FERC Noise Compliance Assessment
This is Part 6 of The FERC 55 dB(A) Ldn Requirement series, where we learn the practical ins and outs of this requirement.
In this post, we will consider what it takes to demonstrate compliance with the FERC noise requirement for natural gas compressor stations and LNG facilities. This is applicable after the project has been approved, the facility is constructed, and it is ready to be placed into service. (The process can also apply to non-FERC post-construction noise tests as well.)
Let us look at an actual statement from a FERC-issued Environmental Assessment, which is representative of what is typically recommended:
[Applicant] should file a noise survey with the Secretary of the Commission (Secretary) no later than 60 days after placing the additional compressor unit at the existing … Compressor Station into service. If a full power load condition noise survey is not possible, [Applicant] should file an interim survey at the maximum possible power load within 60 days of placing the additional compressor unit at the … Compressor Station in service and file the full load survey within 6 months. If the noise attributable to the operation of the additional compressor unit at maximum flow conditions exceeds 55 dBA Ldn at any nearby NSAs, [Applicant] should file a report on what changes are needed and should install the additional noise controls to meet the level within 1 year of the in-service date. [Applicant] should confirm compliance with the above requirement by filing a second full power noise survey with the Secretary no later than 60 days after it installs the additional noise controls.
The underlined portions are original to the statement (i.e., not my emphasis) and highlight the important time scales associated with each action. The key action items are as follows, in plain English:
- Conduct a noise survey within 60 days of the in-service date
- If the noise survey is not at full load conditions:
- file interim results and
- repeat the noise survey at full load conditions within 6 months.
- If the full load test passes, then you file the report and are finished.
- If the full load test does not pass, then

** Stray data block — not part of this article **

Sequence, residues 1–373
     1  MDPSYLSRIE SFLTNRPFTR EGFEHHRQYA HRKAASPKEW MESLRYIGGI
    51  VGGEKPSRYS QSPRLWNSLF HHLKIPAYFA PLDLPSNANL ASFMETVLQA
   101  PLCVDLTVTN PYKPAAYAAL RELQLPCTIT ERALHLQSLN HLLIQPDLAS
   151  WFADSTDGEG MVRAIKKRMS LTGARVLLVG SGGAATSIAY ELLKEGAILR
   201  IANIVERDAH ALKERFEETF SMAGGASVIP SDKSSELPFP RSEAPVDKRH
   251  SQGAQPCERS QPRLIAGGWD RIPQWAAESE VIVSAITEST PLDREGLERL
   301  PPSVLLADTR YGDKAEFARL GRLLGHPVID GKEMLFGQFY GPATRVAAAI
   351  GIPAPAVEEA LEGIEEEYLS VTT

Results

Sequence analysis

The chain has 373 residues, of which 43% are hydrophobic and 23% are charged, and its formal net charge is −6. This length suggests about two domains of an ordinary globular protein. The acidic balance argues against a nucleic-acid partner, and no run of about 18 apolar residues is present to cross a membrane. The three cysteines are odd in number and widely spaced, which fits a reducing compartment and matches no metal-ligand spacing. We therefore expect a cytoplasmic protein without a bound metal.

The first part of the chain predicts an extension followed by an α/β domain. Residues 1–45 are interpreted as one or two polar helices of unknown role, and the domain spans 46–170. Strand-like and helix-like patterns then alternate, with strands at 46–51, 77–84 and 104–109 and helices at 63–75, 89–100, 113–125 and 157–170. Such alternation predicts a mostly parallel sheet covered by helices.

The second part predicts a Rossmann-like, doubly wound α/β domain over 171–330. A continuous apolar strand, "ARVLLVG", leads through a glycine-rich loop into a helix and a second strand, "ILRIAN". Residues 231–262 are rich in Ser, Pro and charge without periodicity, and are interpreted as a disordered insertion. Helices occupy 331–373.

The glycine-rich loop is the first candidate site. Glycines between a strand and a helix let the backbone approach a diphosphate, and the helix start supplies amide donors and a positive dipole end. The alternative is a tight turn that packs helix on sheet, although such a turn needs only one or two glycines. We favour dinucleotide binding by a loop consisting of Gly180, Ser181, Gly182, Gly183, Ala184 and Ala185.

- you have until the end of the first year in service to fix it (determine requirements, design mitigation, purchase, procure, and install) and to
- complete a 2nd full load noise survey.
The form of the statement reflects an evolution of the process over the years and acknowledges one of the major challenges in conducting the noise survey – the full load requirement. It is not uncommon for new or additional compression to be built for a future case when more capacity will be needed. At start-up, the demand may not be there and may not be there in the near future. Because of this, it can take considerable planning and preparation to orchestrate the noise test so that enough gas is available (or in demand) to run the new compressor unit(s) at full load. The timing of the in-service date with respect to seasonal gas demands can also be a fly in the scheduling ointment. FERC recognizes this operational concern by allowing an interim report to be filed if the new compression can only be partially loaded. Also, extensions can be requested for mitigating circumstances.
In order for a post-construction noise survey to occur, several factors must come into alignment:
- Availability of gas
- Equipment is operational (sometimes there are issues during start-up)
- The station is quiet otherwise (e.g. no construction or other loud activities)
- Weather is favorable (no high wind or moderate precipitation)
- Coordination of personnel: noise assessor (e.g. consultant), gas control, management, safety, operations, and maintenance.
The full-load requirement must be clearly understood by the owner/operator so that proper planning can be successfully implemented. An experienced noise expert can inform and guide the process.
This is a good time for me to reiterate the benefits of considering and planning for proper noise control in the design phase. For FERC projects, this is baked into the process, because the applicant must demonstrate through design and analysis that the facility will meet the noise requirement as part of the certificate application process.
Note that potentially three sound level surveys could be required: interim, full load, and full load after remediation. Each survey has hard costs (e.g. consultant – thousands of dollars a pop), plus the opportunity costs of the distraction to normal operations of having to coordinate the noise surveys, and the potential disruption to gas control operations and maintenance schedules. This is another example where experience in FERC noise projects is advantageous; an experienced noise expert knows the pitfalls in design, implementation, and the post-construction compliance test and can raise concerns and solve problems before they surface.
To demonstrate compliance with the FERC noise requirement for natural gas facilities:
- A sound level survey must be conducted while the equipment operates at full load.
- The filing requirement time limit begins on the in-service date.
- Scheduling can be difficult and there are many factors to consider.
- There potentially could be three noise surveys required if loading is an issue or if the facility exceeds the 55 dB(A) Ldn limit.
About the Author - Tim Simmons, Ph.D. - USSI Director of Industrial Acoustics
Dr. Tim Simmons manages USSI's Industrial Acoustics Department. Tim comes to USSI with a wealth of Acoustical and Noise Control knowledge and real-world experience. Tim holds a Ph.D. in Physics from the University of Mississippi and a B.S. in Engineering Physics from the University of Tennessee.